I can’t understand that, because it isn’t my experience. And because so many in the white community never look outside our own experiences, it becomes so easy to caricature a community that is different from our own, to other it, to pathologize its experiences. We condescend, blaming the poor for having been poor, blaming the black and the brown for not having had the good sense to be born white. We tut-tut, feeling superior, finding the minority experience utterly incomprehensible. To which someone might say, as Coates writes:

Fuck you all who’ve ever spoken so foolishly, who’ve opened your mouths like we don’t know what this is. We’ve read the books you own, the scorecards you keep–done the math and emerged prophetic. We know how we will die–with cousins in double murder suicides, in wars that are mere theory to you, convalescing in hospitals, slowly choked out by angina and cholesterol. We are the walking lowest rung, and all that stands between us and beast, between us and the local zoo, is respect, the respect you take as natural as sugar and shit. We know what we are, that we walk like we are not long for this world, that this world has never longed for us.

Reading a book by an author of color — like listening to podcasts hosted by people of color — does not solve the friend problem. It doesn’t solve things like housing segregation and hiring discrimination, broader social issues that feed the friend problem. But the willingness to listen, really listen, to people unlike yourself is essential to giving that respect that is, itself, an essential step to leveling the differences between us. The respect for our humanity, that we take for granted, that a black kid from West Baltimore could fight for his entire life and never get.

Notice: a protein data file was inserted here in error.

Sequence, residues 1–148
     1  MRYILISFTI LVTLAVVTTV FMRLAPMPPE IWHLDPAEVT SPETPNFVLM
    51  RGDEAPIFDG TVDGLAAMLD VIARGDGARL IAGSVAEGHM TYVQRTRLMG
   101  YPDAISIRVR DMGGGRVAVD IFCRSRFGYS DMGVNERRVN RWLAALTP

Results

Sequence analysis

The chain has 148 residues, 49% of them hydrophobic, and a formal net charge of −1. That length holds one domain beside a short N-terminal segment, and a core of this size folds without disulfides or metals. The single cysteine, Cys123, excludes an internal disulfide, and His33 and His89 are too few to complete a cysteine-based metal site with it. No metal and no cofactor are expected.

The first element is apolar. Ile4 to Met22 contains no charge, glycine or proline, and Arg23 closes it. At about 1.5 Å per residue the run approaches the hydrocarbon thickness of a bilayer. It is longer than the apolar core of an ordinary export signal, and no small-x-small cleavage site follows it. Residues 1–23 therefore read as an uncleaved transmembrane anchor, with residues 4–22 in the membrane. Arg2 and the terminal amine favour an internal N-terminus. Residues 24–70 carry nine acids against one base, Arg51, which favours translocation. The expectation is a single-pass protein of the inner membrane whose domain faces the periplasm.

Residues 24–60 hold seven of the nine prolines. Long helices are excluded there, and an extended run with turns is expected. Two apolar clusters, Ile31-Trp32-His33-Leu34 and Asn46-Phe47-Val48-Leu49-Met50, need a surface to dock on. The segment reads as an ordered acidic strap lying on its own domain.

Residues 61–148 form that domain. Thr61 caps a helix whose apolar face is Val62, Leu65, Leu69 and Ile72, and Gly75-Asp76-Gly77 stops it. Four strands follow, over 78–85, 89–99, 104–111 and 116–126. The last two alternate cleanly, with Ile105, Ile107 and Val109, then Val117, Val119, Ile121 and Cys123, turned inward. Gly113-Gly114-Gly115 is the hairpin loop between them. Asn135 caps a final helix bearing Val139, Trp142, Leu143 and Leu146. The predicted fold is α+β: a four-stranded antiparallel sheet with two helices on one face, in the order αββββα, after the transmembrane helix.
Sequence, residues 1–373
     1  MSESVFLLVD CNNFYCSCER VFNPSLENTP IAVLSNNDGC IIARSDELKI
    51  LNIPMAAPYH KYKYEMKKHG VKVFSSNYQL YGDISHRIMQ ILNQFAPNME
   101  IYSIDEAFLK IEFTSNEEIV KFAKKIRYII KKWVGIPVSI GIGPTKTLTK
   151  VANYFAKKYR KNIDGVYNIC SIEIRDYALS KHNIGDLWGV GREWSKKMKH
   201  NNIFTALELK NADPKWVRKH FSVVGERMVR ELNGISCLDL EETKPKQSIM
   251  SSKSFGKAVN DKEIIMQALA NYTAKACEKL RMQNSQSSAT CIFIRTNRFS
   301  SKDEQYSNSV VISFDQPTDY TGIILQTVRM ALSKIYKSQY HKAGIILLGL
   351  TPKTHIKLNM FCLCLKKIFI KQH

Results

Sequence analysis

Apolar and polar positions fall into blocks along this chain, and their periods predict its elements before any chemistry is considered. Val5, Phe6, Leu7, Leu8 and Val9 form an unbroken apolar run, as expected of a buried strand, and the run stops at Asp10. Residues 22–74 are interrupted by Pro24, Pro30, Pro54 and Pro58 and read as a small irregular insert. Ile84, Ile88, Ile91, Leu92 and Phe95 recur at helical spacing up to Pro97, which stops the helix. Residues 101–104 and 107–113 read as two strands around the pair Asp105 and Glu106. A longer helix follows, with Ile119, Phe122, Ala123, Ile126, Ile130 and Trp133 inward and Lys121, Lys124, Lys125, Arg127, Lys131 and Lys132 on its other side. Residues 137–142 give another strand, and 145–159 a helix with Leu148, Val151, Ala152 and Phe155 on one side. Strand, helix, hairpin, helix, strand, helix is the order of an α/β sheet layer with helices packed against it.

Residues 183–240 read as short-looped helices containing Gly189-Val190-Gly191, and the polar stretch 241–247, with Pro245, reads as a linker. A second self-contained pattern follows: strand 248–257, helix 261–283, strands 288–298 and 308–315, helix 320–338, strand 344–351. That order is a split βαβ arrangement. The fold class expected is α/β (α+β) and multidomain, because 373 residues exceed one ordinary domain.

I worry that in using my new Book Report series to discuss The Beautiful Struggle, I’m making a common mistake, the mistake of the well-meaning white person that says, “Look how woke I am!” Or, put otherwise, “Look how racist I’m not!” That is not my intention here. The argument I’m making here, for my infinitesimally small audience, is one for simply listening.

My message is for white activists, the wannabe allies like myself, and also for the other side, the conservatives I know who use words like “progressive” and “liberal” as slurs. Every one of us wants to speak up and be heard. We all want to be right. But I firmly believe we could all stand to just listen, as a first step. Listen and truly hear what others try to say to us, acknowledge their personhood, and give wholly the respect we so easily give to ourselves.

Perhaps above all, my message is for myself, in an attempt to hold myself accountable. Don’t tell other people what their experience is like. First and foremost: listen.